Analyzing Data Streams with the Right Recipe

By John Paul Mueller, Luca Massaron

Streaming data needs streaming algorithms, and the key thing to know about streaming algorithms is that, apart a few measures that it can compute exactly, a streaming algorithm necessarily provides approximate results. The algorithm output is almost correct, guessing not the precisely right answer, but close to it.

When dealing with streams, you clearly have to concentrate only on the measures of interest and leave out many details. You could be interested in a statistical measurement, such as mean, minimum, or maximum. Moreover, you could want to count elements in the stream or distinguish old information from new. There are many algorithms to use, depending on the problem, yet the recipes always use the same ingredients. The trick of cooking the perfect stream is to use one or all of these algorithmic tools as ingredients:

  • Sampling: Reduce your stream to a more manageable data size; represent the entire stream or the most recent observations using a shifting data window.
  • Hashing: Reduce infinite stream variety to a limited set of simple integer numbers.
  • Sketching: Create a short summary of the measure you need, removing the less useful details. This approach lets you leverage a simple working storage, which can be your computer’s main memory or its hard disk.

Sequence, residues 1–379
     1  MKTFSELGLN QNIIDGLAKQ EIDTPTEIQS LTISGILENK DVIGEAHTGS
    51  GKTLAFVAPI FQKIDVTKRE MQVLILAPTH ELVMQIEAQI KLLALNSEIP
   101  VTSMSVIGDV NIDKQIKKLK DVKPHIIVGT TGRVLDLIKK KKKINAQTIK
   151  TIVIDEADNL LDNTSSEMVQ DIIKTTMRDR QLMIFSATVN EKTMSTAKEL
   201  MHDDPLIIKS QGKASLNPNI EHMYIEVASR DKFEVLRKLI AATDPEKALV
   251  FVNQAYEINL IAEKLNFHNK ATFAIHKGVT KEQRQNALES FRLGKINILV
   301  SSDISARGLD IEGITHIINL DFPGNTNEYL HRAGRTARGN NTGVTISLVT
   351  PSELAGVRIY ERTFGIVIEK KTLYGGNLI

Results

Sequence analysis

Another characteristic to keep in mind about algorithms operating on streams is their simplicity and low computational complexity. Data streams can be quite fast. Algorithms that require too many calculations can miss essential data, which means that the data is gone forever. When you view the situation in this light, you can appreciate how hash functions prove useful because they’re prompt in transforming inputs into something easier to handle and search because for both operations, complexity is O(1). You can also appreciate the sketching and sampling techniques, which bring about the idea of lossy compression. Lossy compression enables you to represent something complex by using a simpler form. You lose some detail but save a great deal of computer time and storage.

Sampling means drawing a limited set of examples from your stream and treating them as if they represented the entire stream. It is a well-known tool in statistics through which you can make inferences on a larger context (technically called the universe or the population) by using a small part of it.